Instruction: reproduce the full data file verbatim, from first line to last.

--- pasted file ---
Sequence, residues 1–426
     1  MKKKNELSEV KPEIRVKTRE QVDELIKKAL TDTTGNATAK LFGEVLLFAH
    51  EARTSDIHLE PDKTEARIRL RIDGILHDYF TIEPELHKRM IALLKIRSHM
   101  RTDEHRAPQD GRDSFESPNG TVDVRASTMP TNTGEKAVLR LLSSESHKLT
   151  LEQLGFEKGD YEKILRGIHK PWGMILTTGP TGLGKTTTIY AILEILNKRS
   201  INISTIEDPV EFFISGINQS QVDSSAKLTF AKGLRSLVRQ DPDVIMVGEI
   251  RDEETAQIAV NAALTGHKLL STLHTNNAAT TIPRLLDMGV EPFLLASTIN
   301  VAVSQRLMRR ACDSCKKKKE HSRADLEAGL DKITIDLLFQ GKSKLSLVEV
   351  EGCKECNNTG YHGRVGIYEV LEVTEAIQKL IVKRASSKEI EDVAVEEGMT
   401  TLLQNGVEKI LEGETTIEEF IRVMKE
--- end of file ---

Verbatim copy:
Sequence, residues 1–426
     1  MKKKNELSEV KPEIRVKTRE QVDELIKKAL TDTTGNATAK LFGEVLLFAH
    51  EARTSDIHLE PDKTEARIRL RIDGILHDYF TIEPELHKRM IALLKIRSHM
   101  RTDEHRAPQD GRDSFESPNG TVDVRASTMP TNTGEKAVLR LLSSESHKLT
   151  LEQLGFEKGD YEKILRGIHK PWGMILTTGP TGLGKTTTIY AILEILNKRS
   201  INISTIEDPV EFFISGINQS QVDSSAKLTF AKGLRSLVRQ DPDVIMVGEI
   251  RDEETAQIAV NAALTGHKLL STLHTNNAAT TIPRLLDMGV EPFLLASTIN
   301  VAVSQRLMRR ACDSCKKKKE HSRADLEAGL DKITIDLLFQ GKSKLSLVEV
   351  EGCKECNNTG YHGRVGIYEV LEVTEAIQKL IVKRASSKEI EDVAVEEGMT
   401  TLLQNGVEKI LEGETTIEEF IRVMKE